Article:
The Big Apple Gets Smarts with Senior Center Initiative
Perlstein, Susan, Aging Today
Last February, the city of New York launched SMARTS (Seniors Meet the Arts), the largest municipal initiative in the United States to connect elders to arts programs. This $1 million initiative brought cultural organizations and senior centers together to enhance older-adult participation in the creative life of the city through June 2008. The initiative was developed by the New York City Department for the Aging (DFTA) in partnership with the city's Department of Cultural Affairs (DCA) and city council.
Selected through a competitive application process, 57 cultural organizations were partnered with more than 1 50 senior centers in neighborhoods across the Big Apple's five boroughs. The chosen organizations provided a variety of hands-on programs, such as storytelling, circus arts, blues cabaret creative writing, visual arts, intergenerational theater and cinema.
DFTA Commissioner Edwin MendezSantiago said the department decided to focus on elders' creative exploration as part of its commitment to vital and healthy aging. He added, "SMARTS promotes senior participation in die arts and helps to strengthen senior center programming." Cultural Affairs Commissioner Kate D. Levin noted, "Nonprofit cultural organizations have been at the forefront in building healthy neighborhoods."
Enhanced senior center programming is a key component of DFTA 's modernization efforts. In response to the longevity revolution, the department is reenvisioning the future of services for older individuals, such as those the agency provides to more than 320 senior centers city wide. The department hopes senior centers will become hubs that promote social, physical and mental wellness by providing diverse programming, such as creative opportunities. Strengthening the linkages with community cultural organizations is a priority for both DFTA and DCA.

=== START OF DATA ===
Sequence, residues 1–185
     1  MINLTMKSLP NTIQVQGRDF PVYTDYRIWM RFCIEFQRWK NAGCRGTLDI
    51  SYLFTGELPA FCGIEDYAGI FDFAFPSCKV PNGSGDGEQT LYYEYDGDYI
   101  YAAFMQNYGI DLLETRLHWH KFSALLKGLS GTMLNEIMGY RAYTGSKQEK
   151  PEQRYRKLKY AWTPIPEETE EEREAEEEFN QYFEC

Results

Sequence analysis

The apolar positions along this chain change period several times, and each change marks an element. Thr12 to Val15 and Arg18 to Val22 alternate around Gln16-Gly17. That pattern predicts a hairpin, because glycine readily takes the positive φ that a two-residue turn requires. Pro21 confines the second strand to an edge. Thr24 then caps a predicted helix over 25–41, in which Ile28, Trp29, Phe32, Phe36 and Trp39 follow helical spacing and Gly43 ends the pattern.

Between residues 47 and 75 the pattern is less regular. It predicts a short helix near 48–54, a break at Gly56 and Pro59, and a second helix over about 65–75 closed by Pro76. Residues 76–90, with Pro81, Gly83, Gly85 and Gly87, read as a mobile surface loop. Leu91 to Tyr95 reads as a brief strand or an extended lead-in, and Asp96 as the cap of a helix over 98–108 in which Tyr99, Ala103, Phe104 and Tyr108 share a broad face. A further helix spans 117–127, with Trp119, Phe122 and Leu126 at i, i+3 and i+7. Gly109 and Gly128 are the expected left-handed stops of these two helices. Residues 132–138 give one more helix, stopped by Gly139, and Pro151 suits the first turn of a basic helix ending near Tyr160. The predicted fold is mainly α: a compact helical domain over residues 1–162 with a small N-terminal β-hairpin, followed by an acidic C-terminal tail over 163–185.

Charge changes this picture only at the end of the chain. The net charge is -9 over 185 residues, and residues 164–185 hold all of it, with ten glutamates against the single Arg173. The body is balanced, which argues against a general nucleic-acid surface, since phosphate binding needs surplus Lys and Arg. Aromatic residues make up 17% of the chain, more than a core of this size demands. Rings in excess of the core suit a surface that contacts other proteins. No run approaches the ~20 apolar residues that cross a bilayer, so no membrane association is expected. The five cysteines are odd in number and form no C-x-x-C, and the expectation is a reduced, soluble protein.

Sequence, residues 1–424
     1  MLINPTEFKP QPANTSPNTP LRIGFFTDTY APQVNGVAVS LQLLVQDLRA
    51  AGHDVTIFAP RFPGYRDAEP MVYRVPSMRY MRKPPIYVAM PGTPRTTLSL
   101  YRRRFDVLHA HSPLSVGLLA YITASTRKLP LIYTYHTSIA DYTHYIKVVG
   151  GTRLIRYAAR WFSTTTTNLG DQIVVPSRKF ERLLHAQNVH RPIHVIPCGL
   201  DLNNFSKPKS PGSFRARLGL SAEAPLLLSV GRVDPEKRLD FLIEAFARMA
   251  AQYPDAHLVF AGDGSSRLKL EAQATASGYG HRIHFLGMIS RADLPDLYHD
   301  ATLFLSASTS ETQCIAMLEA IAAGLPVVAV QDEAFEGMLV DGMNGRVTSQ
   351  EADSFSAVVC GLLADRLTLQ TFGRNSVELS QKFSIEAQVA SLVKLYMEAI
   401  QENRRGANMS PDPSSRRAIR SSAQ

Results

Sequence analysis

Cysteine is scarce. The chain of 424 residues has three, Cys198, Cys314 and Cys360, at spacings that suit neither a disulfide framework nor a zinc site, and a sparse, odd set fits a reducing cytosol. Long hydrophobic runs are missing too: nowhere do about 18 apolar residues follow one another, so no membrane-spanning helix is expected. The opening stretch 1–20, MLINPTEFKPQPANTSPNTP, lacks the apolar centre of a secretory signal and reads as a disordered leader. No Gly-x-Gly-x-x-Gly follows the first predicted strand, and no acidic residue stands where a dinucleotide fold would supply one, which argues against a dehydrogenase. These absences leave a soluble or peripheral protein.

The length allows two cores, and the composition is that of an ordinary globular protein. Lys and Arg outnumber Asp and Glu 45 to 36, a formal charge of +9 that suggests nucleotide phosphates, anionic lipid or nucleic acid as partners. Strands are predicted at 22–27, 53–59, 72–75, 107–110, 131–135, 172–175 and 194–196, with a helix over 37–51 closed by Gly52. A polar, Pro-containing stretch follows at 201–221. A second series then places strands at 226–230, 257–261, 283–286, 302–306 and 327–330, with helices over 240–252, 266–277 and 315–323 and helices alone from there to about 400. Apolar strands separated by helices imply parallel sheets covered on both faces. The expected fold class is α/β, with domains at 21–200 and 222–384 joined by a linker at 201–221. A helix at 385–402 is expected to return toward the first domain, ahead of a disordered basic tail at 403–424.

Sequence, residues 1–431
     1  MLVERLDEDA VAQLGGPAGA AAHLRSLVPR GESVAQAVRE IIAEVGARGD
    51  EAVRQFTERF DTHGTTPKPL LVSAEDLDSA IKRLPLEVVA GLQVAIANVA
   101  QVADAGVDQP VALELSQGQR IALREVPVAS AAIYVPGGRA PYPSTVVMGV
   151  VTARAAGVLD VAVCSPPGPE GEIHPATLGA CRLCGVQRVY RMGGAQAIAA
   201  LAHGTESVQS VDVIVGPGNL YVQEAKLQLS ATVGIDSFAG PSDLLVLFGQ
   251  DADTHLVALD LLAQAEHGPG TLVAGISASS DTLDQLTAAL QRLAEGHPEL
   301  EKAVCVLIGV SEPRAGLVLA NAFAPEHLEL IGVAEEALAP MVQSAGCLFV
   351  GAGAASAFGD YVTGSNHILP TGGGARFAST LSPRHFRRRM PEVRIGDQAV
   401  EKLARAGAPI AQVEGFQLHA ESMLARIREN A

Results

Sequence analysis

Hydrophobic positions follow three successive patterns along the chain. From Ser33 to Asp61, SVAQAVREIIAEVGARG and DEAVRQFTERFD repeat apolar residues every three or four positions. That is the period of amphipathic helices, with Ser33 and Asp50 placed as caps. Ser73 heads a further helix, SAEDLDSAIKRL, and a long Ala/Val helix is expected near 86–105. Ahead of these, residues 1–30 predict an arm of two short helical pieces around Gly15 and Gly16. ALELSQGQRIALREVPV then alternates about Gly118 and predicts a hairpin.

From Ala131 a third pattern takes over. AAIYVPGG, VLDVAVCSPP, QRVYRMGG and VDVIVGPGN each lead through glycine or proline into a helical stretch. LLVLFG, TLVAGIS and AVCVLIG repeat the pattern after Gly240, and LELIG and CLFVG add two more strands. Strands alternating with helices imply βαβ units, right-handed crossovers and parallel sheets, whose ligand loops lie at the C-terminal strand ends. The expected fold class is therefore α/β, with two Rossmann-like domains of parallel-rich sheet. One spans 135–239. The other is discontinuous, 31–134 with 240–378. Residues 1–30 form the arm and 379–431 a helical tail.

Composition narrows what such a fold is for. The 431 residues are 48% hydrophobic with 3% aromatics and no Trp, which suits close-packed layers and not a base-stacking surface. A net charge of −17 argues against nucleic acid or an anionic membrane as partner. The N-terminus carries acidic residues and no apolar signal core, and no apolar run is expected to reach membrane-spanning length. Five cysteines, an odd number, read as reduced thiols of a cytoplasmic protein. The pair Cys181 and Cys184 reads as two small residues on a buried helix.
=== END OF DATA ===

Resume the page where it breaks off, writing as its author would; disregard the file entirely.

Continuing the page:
In the Bronx, for example, one participating organization was Teatro Pregones, which is dedicated to the performance of original musical theater and plays rooted in Latino cultures. For SMARTS, teaching artists conducted interactive workshops focused on poetry recital, storytelling and choreographed movements at six Bronx senior centers.
Teatro Pregones kicked off its activities at each senior center with a performance by its artists that presented excerpts from the play Baile Cangrejero (Dance From Cangrejos), one of the theater company's more successful productions. The performance also included an engaging selection of Afro-Caribbean poetry in Spanish and English accompanied by a lively piano-and-percussion group. The event introduced elders to the company members and sparked interest in the workshops.
Subsequently, Teatro Pregones conducted eight 90-minute theater workshops in which participating elders created original short plays. Some of the themes of diese theater pieces included a woman's search for an adventurous spirit she thought she had lost with me passing of time; a story of campesinos (farmworkers) forced to leave their country of origin; immigrants' ar- rival in a new land; and neigh- bors in the Bronx forging a commu- nity. The short plays were per- formed one April afternoon at the Teatro Pregones for all of the participating senior centers as part of the Seniors Performance Exchange. …